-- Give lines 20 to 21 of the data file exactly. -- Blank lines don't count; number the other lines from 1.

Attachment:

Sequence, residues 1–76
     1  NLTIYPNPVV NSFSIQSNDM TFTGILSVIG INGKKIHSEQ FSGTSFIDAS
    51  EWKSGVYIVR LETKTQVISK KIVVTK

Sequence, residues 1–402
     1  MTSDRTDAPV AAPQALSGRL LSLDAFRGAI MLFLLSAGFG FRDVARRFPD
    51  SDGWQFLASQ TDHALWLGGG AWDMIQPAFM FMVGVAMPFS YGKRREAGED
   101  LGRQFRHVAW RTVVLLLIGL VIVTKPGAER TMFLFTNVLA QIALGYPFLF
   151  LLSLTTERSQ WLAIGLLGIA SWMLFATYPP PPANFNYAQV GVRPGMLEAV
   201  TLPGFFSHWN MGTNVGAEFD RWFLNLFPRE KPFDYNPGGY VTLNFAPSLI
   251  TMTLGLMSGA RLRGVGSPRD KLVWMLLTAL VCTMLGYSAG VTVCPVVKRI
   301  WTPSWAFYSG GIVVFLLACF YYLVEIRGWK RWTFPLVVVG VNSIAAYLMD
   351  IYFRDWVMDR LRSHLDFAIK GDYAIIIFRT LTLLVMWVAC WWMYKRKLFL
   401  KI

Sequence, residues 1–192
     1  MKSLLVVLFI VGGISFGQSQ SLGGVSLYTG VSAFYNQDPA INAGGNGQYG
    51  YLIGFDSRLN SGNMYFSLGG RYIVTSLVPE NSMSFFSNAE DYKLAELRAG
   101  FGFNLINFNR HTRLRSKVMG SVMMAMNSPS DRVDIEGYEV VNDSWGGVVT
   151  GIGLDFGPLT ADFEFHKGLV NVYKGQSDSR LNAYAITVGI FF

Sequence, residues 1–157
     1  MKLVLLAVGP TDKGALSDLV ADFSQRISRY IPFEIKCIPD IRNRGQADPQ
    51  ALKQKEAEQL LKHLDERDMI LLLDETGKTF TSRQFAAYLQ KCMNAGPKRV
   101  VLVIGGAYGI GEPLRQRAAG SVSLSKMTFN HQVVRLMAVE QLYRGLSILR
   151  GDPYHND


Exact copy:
     1  MKLVLLAVGP TDKGALSDLV ADFSQRISRY IPFEIKCIPD IRNRGQADPQ
    51  ALKQKEAEQL LKHLDERDMI LLLDETGKTF TSRQFAAYLQ KCMNAGPKRV